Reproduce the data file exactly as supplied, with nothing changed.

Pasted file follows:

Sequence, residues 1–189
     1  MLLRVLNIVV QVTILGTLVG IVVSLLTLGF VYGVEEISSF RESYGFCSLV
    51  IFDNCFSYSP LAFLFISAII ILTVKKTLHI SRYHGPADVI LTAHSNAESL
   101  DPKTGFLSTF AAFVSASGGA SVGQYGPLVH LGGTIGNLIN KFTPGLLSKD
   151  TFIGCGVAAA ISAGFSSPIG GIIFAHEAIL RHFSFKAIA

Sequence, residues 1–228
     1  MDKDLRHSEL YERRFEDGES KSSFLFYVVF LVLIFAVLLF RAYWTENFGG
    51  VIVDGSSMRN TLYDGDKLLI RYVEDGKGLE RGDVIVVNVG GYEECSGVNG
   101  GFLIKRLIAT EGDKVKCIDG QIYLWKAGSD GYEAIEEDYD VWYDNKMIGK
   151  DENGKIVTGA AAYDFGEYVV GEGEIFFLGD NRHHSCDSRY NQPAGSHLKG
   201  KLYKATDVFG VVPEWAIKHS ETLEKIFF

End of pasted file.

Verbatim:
Sequence, residues 1–189
     1  MLLRVLNIVV QVTILGTLVG IVVSLLTLGF VYGVEEISSF RESYGFCSLV
    51  IFDNCFSYSP LAFLFISAII ILTVKKTLHI SRYHGPADVI LTAHSNAESL
   101  DPKTGFLSTF AAFVSASGGA SVGQYGPLVH LGGTIGNLIN KFTPGLLSKD
   151  TFIGCGVAAA ISAGFSSPIG GIIFAHEAIL RHFSFKAIA

Sequence, residues 1–228
     1  MDKDLRHSEL YERRFEDGES KSSFLFYVVF LVLIFAVLLF RAYWTENFGG
    51  VIVDGSSMRN TLYDGDKLLI RYVEDGKGLE RGDVIVVNVG GYEECSGVNG
   101  GFLIKRLIAT EGDKVKCIDG QIYLWKAGSD GYEAIEEDYD VWYDNKMIGK
   151  DENGKIVTGA AAYDFGEYVV GEGEIFFLGD NRHHSCDSRY NQPAGSHLKG
   201  KLYKATDVFG VVPEWAIKHS ETLEKIFF